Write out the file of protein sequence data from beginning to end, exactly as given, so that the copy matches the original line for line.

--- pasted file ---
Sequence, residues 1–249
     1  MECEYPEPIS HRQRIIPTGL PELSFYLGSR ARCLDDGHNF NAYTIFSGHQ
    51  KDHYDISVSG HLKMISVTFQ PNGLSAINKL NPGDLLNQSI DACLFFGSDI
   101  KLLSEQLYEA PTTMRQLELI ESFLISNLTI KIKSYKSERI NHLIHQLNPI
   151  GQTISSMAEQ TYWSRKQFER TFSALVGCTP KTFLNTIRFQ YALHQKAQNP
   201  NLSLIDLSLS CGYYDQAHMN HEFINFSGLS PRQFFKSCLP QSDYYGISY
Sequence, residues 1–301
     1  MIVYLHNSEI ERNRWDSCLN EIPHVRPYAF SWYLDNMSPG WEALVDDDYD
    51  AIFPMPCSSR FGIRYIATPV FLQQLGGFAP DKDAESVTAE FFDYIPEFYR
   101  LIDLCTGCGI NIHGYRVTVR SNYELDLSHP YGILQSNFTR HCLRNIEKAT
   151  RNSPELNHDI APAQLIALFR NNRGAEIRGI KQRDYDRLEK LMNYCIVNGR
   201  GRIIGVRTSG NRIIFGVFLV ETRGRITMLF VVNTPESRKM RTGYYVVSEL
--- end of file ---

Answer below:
Sequence, residues 1–249
     1  MECEYPEPIS HRQRIIPTGL PELSFYLGSR ARCLDDGHNF NAYTIFSGHQ
    51  KDHYDISVSG HLKMISVTFQ PNGLSAINKL NPGDLLNQSI DACLFFGSDI
   101  KLLSEQLYEA PTTMRQLELI ESFLISNLTI KIKSYKSERI NHLIHQLNPI
   151  GQTISSMAEQ TYWSRKQFER TFSALVGCTP KTFLNTIRFQ YALHQKAQNP
   201  NLSLIDLSLS CGYYDQAHMN HEFINFSGLS PRQFFKSCLP QSDYYGISY
Sequence, residues 1–301
     1  MIVYLHNSEI ERNRWDSCLN EIPHVRPYAF SWYLDNMSPG WEALVDDDYD
    51  AIFPMPCSSR FGIRYIATPV FLQQLGGFAP DKDAESVTAE FFDYIPEFYR
   101  LIDLCTGCGI NIHGYRVTVR SNYELDLSHP YGILQSNFTR HCLRNIEKAT
   151  RNSPELNHDI APAQLIALFR NNRGAEIRGI KQRDYDRLEK LMNYCIVNGR
   201  GRIIGVRTSG NRIIFGVFLV ETRGRITMLF VVNTPESRKM RTGYYVVSEL